The title of Jean Genet's The Maids, a cult-favorite play on class warfare, suggests that maybe the hired help comes out on top. Huh-uh. Solange and Claire, the domestics, never get around to laying hands on the employer they despise and want to kill. That's what gives this 1947 play its twist. It's based on the case of sisters Christine and Lea Papin, who viciously murdered their well-to-do madame and her daughter at Le Mans, France, 14 years before.
The victims had been relieved of their eyes while still alive. Good thing. That way, they couldn't bear witness to the impending decimation of their skulls.
Ion Theatre Company's good Punks, written by Ion executive artistic director Claudio Raygoza and based on the Genet work, takes the same tack--two figures find themselves engaged in a series of cat-and-mouse encounters under the eye of a mysterious, malevolent stranger. The sex-charged gamesmanship is amusing at first, but it soon comes to define the principals and their circumstantial hopelessness. Like Solange and Claire, Jesus (Markuz Rodriguez) and Cris (Steven Lone) will fade into class obscurity, embittered victims of self-loathing and sexual fear.
The men's squalid New York apartment is worlds removed from the maids' uppy Paris digs, and it's also where director Glenn Paris shows us how thoroughly he comprehends Genet's and Raygoza's intents. The entrances and exits are made from a staircase window, the kind of symbolism Genet would appreciate and a perfect point of departure from his play. There's more where that came from, as candles are extinguished, frontal nudity trots out and the characters speak over each other in recounting their lives--unconnected items that loom large in the context of the show.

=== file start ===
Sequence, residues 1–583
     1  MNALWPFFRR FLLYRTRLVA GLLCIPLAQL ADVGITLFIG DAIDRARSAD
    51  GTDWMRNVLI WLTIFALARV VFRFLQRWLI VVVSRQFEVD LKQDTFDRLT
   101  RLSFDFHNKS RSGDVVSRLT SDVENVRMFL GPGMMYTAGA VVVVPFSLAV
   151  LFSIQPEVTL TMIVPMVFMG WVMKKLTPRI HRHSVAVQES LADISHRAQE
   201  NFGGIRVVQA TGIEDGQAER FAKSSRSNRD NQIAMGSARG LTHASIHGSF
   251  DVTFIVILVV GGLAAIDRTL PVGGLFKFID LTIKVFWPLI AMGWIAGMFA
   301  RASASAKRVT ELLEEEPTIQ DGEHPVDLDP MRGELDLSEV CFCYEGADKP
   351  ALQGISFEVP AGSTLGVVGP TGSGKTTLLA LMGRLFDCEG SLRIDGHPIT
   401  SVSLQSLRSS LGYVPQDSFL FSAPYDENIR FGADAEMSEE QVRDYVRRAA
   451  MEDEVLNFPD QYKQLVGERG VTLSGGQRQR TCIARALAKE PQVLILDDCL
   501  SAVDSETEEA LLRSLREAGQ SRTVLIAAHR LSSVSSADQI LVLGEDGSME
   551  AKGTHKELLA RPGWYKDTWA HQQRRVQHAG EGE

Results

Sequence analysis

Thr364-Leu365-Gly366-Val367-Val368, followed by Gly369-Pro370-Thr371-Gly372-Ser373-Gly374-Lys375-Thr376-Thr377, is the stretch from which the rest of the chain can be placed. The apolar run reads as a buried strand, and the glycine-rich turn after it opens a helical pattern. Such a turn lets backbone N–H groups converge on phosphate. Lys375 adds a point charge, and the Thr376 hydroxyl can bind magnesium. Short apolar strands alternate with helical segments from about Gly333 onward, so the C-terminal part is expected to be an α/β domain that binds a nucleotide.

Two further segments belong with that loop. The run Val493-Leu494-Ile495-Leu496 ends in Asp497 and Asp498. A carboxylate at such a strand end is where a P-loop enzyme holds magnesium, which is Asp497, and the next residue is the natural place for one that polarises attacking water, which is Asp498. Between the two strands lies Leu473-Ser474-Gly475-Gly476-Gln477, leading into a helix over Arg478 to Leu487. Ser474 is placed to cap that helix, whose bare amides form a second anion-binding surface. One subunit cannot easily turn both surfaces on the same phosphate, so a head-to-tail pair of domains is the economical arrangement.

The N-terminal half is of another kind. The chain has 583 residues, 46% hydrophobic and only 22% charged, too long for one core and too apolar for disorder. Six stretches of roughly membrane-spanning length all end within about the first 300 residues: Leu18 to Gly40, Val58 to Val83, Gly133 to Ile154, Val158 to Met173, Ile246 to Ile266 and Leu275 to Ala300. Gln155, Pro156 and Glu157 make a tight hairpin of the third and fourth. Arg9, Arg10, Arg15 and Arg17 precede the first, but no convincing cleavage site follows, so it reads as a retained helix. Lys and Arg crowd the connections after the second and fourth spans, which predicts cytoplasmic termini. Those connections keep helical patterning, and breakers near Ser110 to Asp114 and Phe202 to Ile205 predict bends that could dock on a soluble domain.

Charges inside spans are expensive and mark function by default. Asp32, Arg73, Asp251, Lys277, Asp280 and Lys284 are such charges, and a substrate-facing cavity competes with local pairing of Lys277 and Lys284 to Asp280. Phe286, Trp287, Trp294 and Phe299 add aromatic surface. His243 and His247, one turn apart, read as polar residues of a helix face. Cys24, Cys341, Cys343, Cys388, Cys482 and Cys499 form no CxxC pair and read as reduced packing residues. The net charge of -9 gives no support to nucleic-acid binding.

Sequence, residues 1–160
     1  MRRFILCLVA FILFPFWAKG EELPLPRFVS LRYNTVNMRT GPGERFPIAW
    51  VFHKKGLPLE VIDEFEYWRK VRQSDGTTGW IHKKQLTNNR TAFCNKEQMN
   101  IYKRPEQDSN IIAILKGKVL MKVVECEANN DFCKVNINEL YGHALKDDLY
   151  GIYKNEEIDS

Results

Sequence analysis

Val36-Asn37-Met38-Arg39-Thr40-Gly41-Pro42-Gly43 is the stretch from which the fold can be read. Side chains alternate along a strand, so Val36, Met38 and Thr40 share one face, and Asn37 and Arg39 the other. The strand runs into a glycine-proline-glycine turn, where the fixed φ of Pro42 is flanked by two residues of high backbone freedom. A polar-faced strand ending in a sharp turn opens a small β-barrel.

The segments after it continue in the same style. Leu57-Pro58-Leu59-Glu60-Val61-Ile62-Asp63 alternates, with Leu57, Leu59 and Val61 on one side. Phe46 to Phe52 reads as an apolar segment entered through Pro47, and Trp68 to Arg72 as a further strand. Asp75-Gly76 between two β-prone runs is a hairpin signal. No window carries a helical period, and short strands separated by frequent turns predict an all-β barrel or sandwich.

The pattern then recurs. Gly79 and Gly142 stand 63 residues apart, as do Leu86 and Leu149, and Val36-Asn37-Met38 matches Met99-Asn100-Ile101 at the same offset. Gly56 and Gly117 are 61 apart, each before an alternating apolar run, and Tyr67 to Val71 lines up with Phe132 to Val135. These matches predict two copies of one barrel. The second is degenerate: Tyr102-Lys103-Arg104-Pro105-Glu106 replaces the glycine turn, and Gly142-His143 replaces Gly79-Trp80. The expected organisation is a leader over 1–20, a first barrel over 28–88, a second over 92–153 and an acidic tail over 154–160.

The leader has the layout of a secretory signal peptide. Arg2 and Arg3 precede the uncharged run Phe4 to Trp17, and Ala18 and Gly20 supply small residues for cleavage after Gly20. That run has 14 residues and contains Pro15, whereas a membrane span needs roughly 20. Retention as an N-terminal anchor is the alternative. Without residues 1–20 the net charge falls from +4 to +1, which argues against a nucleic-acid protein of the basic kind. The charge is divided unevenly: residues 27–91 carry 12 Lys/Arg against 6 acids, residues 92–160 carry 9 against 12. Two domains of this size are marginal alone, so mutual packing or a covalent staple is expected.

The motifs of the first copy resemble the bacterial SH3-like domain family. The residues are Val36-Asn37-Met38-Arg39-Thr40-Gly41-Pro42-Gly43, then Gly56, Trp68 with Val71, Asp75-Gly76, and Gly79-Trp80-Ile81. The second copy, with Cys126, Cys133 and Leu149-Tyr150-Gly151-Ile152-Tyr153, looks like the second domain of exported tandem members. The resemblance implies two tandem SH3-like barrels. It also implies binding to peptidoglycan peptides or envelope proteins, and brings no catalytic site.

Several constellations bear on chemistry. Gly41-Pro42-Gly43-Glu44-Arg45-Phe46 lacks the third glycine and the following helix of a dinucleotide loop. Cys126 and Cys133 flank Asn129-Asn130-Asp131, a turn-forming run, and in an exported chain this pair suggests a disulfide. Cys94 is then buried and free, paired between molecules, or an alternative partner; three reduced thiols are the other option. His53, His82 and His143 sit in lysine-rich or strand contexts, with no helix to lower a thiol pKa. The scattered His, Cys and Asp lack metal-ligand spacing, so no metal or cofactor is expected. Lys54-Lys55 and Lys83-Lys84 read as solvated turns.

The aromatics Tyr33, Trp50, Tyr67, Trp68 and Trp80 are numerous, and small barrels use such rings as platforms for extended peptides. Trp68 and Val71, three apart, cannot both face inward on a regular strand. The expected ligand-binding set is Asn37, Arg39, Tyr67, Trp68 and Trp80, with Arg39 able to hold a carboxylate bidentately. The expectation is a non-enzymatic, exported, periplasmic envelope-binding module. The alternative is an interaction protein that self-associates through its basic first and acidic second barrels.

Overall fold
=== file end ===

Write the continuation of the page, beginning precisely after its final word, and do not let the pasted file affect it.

The gender switches touch Genet's madame, as well. Here, she's morphed into a male lounge lizard named Papin, played by the excellent Robin Christ. That's where Raygoza's ideas become slightly labored and adversely affect the production values. Papin might have been better off as a seedy cop or politician, someone whose station comports better with Genet's original character.
This world premiere will make more sense if you know The Maids and the story of the Papin whack-jobs. Raygoza has thought through his variations nicely; Paris melds his direction with Raygoza's mindset; and the actorial chemistry is there. The show is adapted from a piece to which the mainstream probably can't relate, but it's a forthright look at class distinction and the ethnic and economic boundaries it exploits.
This review is based on the opening-night performance of Nov. 16. Punks runs through Dec. 16 at The Lab, Academy of Performing Arts, 4580-B Alvarado Canyon Road, Mission Valley. $10-$25.50. 619-374-6894 or www.iontheatre.com.
This one works
Filmmaker John Waters gets lots of mileage out of his Baltimore roots. His movie Cry-Baby is set there, even though the action could take place anywhere in mid-'50s America. And the film's teen-angst story is pretty formulaic, Baltimore or not--greaser Wade (Cry-Baby) Walker incurs the wrath of a well-scrubbed element in town, only to come out clean on the other side with the girl of his dreams.
That doesn't mean Cry-Baby won't read in three dimensions. And as currently mounted at La Jolla Playhouse, it sure does. The Mark O'Donnell-Thomas Meehan book has its self-indulgent side, but you can say that about every musical in the universe, including the good ones. And amid song titles like 'The Anti-Polio Picnic' and 'I Did Something Wrong--Once,' you get the idea. This cast outsmarts the corny stuff by giving into it, and Mark Brokaw's direction and Rob Ashford's choreography take it from there. Damned brassy fare for a musical.
Cry-Baby runs through Dec. 16 at the Mandell Weiss Theatre, 2910 La Jolla Village Drive, La Jolla. $44-$72. 858-550-1010 or www.lajollaplayhouse.org.